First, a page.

Whilst browsing the Guardian today, I discovered this article on their running blog about a runner struck down by injury and her difficulty in coming to terms with it. She's identified several stages, akin to the Kubler-Ross Change Curve:
The denial stage
This is where runners will pretend their ongoing calf pain isn't really that problematic, or that their foot isn't really aching – after all, running is fraught with aches; it's part of the process. It's supposed to hurt, right? That's what I thought when I embarked on a long training run with an uncomfortable knee, reasoning that it was just part of the game. A day later, I couldn't walk 20 metres without cringing.
The acceptance stage
This is where runners come to their senses and realise that their favourite activity has to be put on the backburner for the time being. Withdrawal symptoms include restlessness, anger and boredom as you have to park yourself on the sofa to watch a TV series, when you'd much rather spend your Sundays on the trails.
The inventory stage
Runners will spend their free time thinking about how the injury could have been avoided, often flogging a dead horse. Sometimes, the answer is obvious (did you really think you could tackle 20k barefoot-style when you had never tried Vibrams before? Did you not employ the Rice technique as soon as atypical pain flared up?). Sometimes, it's plainly just bad luck.
The substitution stage
The stage in which runners will try to remain active by any means necessary. This often involves throwing money at the problem. First stop: a qualified physiotherapist, who will give you scores of tedious exercises to do at home (has anyone ever enjoyed sets of squats? No? Didn't think so). Biking, swimming and running in the swimming pool – low-impact activities – are generally considered valid forms of cross-training. If you're feeling fancy, using an anti-gravity treadmill is all the rage – but at about £20 for 30 minutes, you'll need the financial means. But none of it will satisfy you, as the only thing that will take you to the finish line is time spent on your legs.
The commiseration stage
When everything else fails, runners might consider doing some reading. There are tonnes of inspirational tales about athletes who have made remarkable comebacks after their injuries, as well as myriad blog entries by amateur runners about the importance of staying positive through the process. There are also plenty of message boards where you can whine to your heart's content.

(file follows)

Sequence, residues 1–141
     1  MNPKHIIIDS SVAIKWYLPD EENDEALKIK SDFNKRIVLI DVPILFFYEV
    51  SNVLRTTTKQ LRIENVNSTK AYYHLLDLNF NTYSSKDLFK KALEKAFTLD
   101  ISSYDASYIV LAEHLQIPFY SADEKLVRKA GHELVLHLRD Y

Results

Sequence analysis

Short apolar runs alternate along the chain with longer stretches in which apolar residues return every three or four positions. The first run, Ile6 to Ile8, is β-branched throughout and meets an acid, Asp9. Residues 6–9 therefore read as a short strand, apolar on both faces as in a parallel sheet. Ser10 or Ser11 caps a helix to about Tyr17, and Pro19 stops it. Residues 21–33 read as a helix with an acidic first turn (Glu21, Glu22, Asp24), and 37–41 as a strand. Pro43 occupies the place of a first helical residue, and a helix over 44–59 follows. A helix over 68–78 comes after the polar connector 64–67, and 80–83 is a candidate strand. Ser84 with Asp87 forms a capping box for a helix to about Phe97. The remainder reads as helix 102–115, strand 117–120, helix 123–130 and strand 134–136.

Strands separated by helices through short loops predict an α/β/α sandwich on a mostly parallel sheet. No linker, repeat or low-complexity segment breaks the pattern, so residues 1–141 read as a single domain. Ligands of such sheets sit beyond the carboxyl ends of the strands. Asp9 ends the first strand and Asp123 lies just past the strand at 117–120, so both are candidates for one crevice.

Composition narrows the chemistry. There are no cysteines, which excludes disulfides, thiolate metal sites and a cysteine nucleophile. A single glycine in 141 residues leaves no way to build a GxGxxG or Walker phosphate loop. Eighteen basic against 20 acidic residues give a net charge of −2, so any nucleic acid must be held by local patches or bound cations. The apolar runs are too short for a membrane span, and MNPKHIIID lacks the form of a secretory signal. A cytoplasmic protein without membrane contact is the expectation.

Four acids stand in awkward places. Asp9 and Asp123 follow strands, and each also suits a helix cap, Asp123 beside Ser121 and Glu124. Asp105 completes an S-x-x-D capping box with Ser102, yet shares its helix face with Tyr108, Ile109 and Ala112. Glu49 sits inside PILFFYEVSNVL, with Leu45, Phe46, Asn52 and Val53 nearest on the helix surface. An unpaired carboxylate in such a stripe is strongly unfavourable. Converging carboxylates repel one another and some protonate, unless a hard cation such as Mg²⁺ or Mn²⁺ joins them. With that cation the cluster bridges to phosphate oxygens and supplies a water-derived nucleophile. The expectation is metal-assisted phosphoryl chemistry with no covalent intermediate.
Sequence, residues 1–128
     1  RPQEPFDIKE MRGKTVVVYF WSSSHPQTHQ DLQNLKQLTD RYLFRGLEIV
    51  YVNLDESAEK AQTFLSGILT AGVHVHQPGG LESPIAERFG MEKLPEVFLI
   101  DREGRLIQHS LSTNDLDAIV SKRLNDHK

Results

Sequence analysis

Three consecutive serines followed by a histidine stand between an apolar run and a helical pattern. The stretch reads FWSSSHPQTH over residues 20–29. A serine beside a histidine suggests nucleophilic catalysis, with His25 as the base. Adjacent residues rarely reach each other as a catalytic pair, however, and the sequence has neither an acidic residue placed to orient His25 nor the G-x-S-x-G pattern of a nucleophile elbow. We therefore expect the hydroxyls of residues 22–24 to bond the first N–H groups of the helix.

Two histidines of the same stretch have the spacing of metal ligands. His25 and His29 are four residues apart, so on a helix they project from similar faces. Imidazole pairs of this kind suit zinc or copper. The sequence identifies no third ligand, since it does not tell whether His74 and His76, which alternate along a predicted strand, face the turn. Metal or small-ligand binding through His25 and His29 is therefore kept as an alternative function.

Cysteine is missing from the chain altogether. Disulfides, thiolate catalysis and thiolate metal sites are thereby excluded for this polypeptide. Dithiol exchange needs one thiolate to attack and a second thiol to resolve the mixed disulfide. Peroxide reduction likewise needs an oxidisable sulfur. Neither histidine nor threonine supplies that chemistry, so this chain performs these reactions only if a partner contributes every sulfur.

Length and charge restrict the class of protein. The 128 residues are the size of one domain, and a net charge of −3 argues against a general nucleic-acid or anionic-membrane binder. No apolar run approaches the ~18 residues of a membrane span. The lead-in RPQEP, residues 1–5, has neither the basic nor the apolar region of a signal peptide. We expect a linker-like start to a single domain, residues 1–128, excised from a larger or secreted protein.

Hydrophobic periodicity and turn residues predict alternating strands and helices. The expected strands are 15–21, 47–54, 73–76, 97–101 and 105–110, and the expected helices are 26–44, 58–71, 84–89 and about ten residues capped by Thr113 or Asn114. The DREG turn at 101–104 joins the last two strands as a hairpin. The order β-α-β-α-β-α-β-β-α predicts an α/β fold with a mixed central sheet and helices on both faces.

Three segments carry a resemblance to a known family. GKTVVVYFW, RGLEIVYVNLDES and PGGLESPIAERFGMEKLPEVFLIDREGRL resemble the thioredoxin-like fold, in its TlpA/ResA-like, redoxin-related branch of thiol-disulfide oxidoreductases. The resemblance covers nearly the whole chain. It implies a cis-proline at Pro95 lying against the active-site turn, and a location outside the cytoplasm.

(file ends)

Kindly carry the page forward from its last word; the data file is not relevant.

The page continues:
[quoted directly from this article on the Guardian Running Blog by Jessica Reed]
It's all horribly familiar.
As I've documented here before, I've been having various mechanical issues over the last 6-12 months that may - or may not - be caused (indirectly) by my MS and which have disrupted my running: plantar fasciitis, cramping calves and various degrees of knee ouch. All of these have coincided with a moderate but possibly significant increase in my weekly mileage from around 10-12 miles to something closer to 15-20.
I'm stubborn and I don't think I've ever really got past the denial stage and, throughout all of this, I've never actually stopped running, thinking I can just push on through. As Jessica says in the article, "running is fraught with aches; it's part of the process. It's supposed to hurt, right?". Besides, if I listened to my body, I would never have got out of the door in the first place due to a catalogue of fatigue, lassitude, numbness, pins and needles and other easy MS-related excuses. I am not going to give this up easily.
I've just had a two week break from running to go on a skiing holiday to Canada. I was rather hoping that this would give the knee problems I'm having with the ITB in my left leg a chance to recover. No such luck. I did experience mild stiffness in the knee when I was skiing, but I actually got most discomfort from it at night in bed, and by the time I came home and got ready for my first run back, I knew that things were no better. I still went out for that run, mind you. It hurt. Two days later, I'm going to go out on it again this evening and I expect it will still hurt. I'm going to go back to the physio next week and may have to face up to the prospect of a visit to a consultant and perhaps some sort of procedure. I guess that might just force me on further down the change curve.
The thing is, if I can't run, then I have no idea how I will replace it. I swim a couple of times a week already as a therapy to strengthen my weakened arms and shoulders, but I'm not sure how obsessive I could ever get about that. I've got a bike, but it's not quite the same thing and may also put pressure on my knee (albeit not exactly the same kind of pressure). I wouldn't say that I really enjoy running, but if push comes to shove, I'm not sure how I could ever really replace something that seems to have a pivotal role in my sense of general health and wellbeing.
Well, I'll cross that bridge if and when I come to it. In the meantime, I'll just keep on icing and rolling and stretching and hoping.